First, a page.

Colorado owners, lenders, purchasers, contractors and subcontractors who file corporate surety bonds as a means of discharging properties from mechanics' liens should note that a decision last year by the Colorado Court of Appeals, Weize Company, LLC v. Colorado Regional Construction, Inc., throws into doubt the use of surety bonds alone as an effective tool to discharge a property from the Lis Pendens in a mechanics' lien lawsuit. In this case of first impression in the State of Colorado, the Court of Appeals held that a general contractor's filing of a surety bond did not relieve a subcontractor from the obligation to file and record a Notice of Commencement of Action or "Lis Pendens." It further held that the General Mechanics' Lien law requires a lien claimant to record a Lis Pendens even though a bond has been substituted for the lien.

Colorado's General Mechanics' Lien law, C.R.S. §§38-22-101 et seq., provides that an owner (or a general contractor) may, at any time, file a corporate surety bond or other undertaking equal to 150 percent of the amount of a mechanics' lien and thereby discharge the property from the lien. This process is very useful for an owner who seeks to refinance a property and is required by the lender to clear the property from all mechanics' liens. It is also helpful in selling a property that is subject to mechanics' lien litigation.

The General Mechanics' Lien law also provides that, upon the approval of the bond or undertaking, the Clerk of the District Court shall issue a certificate of release thereby discharging and releasing the property in full from the lien and "from any action brought to foreclose the lien ..." C.R.S. §38-22-132. In order to foreclose a mechanics' lien, the claimant must file a foreclosure action together with a Notice of Commencement of Action, commonly referred to as a "Lis Pendens", as a condition to any foreclosure of the mechanics' lien.

In Weize, the Court reasoned that a surety bond is not the equivalent of a payment or performance bond. In the event that the surety became insolvent, the subcontractor would still need to have a Lis Pendens recorded against the property because the lien claimant would be entitled to enforce the lien in the same manner as if no bond had been filed. The trial court had ruled that the subcontractor did not have a valid lien because it failed to record a Lis Pendens. The subcontractor argued that it was not obligated to record a Lis Pendens because the mechanics' lien had been bonded over by the general contractor. The Court also reasoned that the absence of a Lis Pendens could mislead a potential purchaser or lender into believing that there was no potential that a lien could be imposed against the property.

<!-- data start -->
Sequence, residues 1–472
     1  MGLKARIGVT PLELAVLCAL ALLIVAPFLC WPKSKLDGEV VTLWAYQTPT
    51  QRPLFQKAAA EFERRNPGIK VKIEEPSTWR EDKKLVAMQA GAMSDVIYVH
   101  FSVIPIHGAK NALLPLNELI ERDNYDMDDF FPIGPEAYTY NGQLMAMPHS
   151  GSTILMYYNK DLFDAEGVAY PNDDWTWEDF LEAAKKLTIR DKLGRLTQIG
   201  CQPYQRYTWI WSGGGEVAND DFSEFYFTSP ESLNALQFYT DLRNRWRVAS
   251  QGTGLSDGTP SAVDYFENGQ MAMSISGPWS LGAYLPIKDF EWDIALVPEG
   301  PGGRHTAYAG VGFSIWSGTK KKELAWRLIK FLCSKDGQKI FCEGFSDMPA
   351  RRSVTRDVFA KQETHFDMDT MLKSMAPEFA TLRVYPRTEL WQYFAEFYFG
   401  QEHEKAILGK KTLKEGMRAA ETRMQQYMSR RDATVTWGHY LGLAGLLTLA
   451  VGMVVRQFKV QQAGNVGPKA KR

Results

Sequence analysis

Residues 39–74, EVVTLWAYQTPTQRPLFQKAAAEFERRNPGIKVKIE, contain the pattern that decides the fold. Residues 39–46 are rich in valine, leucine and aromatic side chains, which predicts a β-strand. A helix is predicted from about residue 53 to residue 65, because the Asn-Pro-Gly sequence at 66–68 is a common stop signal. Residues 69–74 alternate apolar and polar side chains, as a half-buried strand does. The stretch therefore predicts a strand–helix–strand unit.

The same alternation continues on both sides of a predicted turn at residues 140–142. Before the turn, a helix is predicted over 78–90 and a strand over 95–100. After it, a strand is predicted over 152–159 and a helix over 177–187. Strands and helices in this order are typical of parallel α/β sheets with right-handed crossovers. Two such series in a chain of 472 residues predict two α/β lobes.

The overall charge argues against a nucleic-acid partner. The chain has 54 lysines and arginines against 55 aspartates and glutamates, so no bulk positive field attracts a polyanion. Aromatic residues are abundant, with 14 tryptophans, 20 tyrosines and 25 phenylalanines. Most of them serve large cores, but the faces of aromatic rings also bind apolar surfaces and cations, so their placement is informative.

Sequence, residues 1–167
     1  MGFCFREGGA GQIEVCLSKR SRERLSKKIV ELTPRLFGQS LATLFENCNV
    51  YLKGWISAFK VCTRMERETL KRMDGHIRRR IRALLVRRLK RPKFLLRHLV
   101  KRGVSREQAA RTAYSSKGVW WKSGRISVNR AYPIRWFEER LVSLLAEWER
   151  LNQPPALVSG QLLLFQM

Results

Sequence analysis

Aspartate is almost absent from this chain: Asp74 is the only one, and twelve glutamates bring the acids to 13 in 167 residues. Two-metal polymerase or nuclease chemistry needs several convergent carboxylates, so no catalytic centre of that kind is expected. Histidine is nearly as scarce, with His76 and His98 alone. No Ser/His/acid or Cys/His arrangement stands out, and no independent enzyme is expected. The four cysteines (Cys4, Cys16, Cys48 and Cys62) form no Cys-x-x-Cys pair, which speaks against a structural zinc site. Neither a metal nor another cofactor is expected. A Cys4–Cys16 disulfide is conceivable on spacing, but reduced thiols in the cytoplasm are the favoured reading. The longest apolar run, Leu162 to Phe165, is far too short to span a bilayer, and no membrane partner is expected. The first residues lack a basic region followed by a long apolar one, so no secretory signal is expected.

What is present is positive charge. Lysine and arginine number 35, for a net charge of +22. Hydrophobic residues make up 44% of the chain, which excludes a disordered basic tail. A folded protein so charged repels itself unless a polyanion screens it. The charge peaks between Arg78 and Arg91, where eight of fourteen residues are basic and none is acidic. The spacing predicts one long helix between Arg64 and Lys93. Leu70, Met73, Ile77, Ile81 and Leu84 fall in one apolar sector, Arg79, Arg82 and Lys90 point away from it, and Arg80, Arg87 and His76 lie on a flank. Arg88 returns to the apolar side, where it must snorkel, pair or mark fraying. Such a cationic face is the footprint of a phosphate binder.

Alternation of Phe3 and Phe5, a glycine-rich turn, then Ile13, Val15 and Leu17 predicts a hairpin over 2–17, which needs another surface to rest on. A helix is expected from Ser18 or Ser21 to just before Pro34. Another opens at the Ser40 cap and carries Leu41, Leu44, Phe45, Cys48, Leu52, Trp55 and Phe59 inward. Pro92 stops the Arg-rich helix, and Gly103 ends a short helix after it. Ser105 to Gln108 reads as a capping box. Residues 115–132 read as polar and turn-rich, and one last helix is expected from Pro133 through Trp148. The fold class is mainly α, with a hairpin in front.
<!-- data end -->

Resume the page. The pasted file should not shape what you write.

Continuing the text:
This decision appears to contravene conventional wisdom regarding the use of surety bonds, and would require a Lis Pendens to be recorded against the property even if a surety bond was posted by the owner or general contractor. Doing so, however, would create an anomalous title situation. In a typical case, the title to the property would show: (i) a recorded mechanics' lien; (ii) a Notice of Commencement of Action or Lis Pendens; and (iii) a release of the mechanics' lien (ordered as a result of posting a surety bond). Under Weize, the Lis Pendens would remain of record and not be released, thereby complicating the financing or sale of the property and negating one of the primary reasons a surety bond was used in the first place.

Accordingly, owners, lenders, purchasers, contractors and subcontractors should be aware that, even if there is a surety bond, the Lis Pendens needs to remain of record and there is a potential the property could be subjected to the mechanics' lien if the surety becomes insolvent.